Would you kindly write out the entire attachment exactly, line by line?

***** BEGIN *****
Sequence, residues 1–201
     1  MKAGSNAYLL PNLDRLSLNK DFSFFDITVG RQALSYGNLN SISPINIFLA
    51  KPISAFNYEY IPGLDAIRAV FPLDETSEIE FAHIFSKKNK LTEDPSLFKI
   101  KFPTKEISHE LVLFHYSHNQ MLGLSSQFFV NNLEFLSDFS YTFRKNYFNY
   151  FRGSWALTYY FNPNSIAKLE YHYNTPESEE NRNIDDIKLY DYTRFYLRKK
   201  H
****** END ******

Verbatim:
Sequence, residues 1–201
     1  MKAGSNAYLL PNLDRLSLNK DFSFFDITVG RQALSYGNLN SISPINIFLA
    51  KPISAFNYEY IPGLDAIRAV FPLDETSEIE FAHIFSKKNK LTEDPSLFKI
   101  KFPTKEISHE LVLFHYSHNQ MLGLSSQFFV NNLEFLSDFS YTFRKNYFNY
   151  FRGSWALTYY FNPNSIAKLE YHYNTPESEE NRNIDDIKLY DYTRFYLRKK
   201  H